AMHERST, N.S. – The Veterans Coalition Party of Canada (VCP) isn’t on the radar of most voters, but Randy Joy hopes to change that before the Oct. 21 election.
“We currently have 71 candidates running in ridings across Canada, including candidates in nine of the 11 ridings in Nova Scotia,” Joy said.
Joy, the founder and leader of the VCP, was in Amherst Aug. 31 to meet with Cumberland-Colchester candidate Jody O’Blenis, along with several other Atlantic Canada candidates.
The VCP is made up of Armed Forces vets and ordinary Canadians such as O’Blenis who believe the major political parties have lost touch with Canadians.
“I didn’t want to end up on the political spectrum as a far-left or far-right party,” Joy said. “While building the platform we took left and right concerns into account by putting Canadians at the forefront and engaging them.”
Joy sees too much power concentrated in the prime minister’s office and hopes to loosen its grip on policy, adding that his party will put the power back into the hands of the people.
“The way the system is, the country swings back and forth between two parties and nothing changes. The debt grows and the cost of living grows.”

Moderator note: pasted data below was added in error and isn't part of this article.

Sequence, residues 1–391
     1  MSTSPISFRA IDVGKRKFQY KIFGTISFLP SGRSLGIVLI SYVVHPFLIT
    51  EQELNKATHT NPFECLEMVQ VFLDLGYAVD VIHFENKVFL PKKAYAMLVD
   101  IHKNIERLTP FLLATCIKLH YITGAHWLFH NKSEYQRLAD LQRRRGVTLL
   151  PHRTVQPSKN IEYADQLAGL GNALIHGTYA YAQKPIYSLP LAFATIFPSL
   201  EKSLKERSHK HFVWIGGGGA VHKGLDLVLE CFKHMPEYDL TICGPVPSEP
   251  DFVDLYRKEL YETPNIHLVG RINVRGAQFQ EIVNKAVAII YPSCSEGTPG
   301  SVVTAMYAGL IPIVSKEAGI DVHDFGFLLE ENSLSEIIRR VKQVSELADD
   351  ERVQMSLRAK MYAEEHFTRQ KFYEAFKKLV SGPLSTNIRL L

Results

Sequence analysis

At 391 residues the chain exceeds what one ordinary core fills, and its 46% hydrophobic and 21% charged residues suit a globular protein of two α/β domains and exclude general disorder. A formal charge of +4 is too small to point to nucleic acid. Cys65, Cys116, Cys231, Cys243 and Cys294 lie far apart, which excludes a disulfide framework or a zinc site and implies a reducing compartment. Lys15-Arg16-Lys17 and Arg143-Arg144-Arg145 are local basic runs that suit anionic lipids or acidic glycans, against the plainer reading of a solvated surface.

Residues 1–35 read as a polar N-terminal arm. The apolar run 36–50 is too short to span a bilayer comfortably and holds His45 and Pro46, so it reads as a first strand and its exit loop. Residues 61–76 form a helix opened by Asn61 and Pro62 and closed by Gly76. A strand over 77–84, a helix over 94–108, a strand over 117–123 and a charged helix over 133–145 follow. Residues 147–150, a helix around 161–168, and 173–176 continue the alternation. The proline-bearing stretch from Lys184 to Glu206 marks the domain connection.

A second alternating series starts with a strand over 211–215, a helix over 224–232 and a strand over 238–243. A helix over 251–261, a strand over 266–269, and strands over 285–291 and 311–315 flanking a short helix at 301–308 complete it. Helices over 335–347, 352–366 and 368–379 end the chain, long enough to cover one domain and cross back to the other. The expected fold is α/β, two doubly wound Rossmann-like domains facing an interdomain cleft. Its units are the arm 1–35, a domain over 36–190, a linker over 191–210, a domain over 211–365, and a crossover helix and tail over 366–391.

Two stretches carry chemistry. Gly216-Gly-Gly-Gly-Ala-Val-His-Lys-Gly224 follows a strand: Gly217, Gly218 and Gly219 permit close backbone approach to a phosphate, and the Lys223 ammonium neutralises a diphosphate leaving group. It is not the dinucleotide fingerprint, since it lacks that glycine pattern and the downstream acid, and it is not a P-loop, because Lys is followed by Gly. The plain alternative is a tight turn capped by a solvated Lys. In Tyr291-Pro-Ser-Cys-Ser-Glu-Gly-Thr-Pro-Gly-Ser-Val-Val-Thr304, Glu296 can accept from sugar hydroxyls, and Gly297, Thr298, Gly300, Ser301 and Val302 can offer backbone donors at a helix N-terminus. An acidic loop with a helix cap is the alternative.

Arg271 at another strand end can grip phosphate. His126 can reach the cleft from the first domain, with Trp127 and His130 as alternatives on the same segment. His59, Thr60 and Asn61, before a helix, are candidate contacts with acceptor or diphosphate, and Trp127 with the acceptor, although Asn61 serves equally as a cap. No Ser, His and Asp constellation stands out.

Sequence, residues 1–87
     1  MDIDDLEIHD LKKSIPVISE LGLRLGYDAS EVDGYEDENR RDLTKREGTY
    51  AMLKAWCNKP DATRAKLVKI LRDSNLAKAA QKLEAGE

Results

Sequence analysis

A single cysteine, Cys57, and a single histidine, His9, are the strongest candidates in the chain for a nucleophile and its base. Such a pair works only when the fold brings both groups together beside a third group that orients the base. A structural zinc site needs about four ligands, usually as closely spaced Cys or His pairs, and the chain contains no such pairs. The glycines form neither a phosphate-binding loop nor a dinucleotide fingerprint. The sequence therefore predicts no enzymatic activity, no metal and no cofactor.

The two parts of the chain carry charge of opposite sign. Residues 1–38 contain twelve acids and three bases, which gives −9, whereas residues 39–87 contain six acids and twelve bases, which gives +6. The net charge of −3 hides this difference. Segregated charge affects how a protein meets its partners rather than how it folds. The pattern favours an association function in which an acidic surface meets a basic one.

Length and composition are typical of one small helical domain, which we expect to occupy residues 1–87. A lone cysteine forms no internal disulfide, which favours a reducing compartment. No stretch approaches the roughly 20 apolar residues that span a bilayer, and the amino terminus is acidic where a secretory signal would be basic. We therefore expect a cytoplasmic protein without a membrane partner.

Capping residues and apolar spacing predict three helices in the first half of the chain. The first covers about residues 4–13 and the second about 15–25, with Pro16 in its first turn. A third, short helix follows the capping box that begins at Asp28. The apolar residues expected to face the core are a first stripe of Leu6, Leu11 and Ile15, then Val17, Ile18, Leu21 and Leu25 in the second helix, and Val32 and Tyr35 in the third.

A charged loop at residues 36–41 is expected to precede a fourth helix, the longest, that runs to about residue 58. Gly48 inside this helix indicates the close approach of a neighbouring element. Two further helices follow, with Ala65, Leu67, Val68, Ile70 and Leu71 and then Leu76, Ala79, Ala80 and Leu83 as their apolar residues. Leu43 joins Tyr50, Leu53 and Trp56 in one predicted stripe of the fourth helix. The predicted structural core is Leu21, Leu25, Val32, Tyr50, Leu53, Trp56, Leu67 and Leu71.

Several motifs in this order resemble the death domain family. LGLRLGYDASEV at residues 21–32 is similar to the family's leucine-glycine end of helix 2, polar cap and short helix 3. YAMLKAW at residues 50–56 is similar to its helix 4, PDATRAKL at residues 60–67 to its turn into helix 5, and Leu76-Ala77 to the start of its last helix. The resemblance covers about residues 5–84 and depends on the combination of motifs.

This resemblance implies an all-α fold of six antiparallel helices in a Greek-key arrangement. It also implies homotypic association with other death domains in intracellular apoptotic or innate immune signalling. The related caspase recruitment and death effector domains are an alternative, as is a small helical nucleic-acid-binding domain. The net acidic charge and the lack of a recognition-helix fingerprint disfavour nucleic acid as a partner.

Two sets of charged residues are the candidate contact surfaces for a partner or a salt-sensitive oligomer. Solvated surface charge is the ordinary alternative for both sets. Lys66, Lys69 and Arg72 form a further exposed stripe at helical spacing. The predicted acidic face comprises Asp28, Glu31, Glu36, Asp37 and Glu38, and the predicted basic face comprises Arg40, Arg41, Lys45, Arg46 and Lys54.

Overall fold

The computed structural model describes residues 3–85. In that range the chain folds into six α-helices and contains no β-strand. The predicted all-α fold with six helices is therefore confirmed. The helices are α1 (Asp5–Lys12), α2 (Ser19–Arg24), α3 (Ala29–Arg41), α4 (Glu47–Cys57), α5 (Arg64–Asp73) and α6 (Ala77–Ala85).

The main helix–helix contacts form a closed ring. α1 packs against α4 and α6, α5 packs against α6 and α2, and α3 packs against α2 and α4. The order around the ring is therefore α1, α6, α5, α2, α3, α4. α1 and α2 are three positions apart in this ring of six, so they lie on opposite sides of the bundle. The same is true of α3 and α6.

He says strong leadership is needed to implement policies that improve the lives of ordinary Canadians, the kind of leadership he learned through his 29 years in the military.
“The military training system is all about leadership training. You learn leadership styles and how to engage people and how to engage the public,” Joy said.
Joy was deployed in Afghanistan for two tours of duty, and, also, one United Nations Peacekeeping mission in Syria/Israel.
“When you’re deployed, negotiation is an important skill. If you can’t talk to the locals, you’re making enemies and not friends.”
Joy is originally from Cobalt, Ont., and retired in Cape Breton where he is running as a candidate in the Sydney-Victoria riding.
His opponents include Liberal candidate Jaime Battiste, who won the Liberal nomination following the retirement of Liberal MP Mark Eyking, and Conservative Candidate Eddie Orrell.
The VCP’s 20-point ‘Party Vision Statement’ can be read by going to veteranscoalitionpartyofcanada.com, and then clicking on Party Vision at the top of the web page.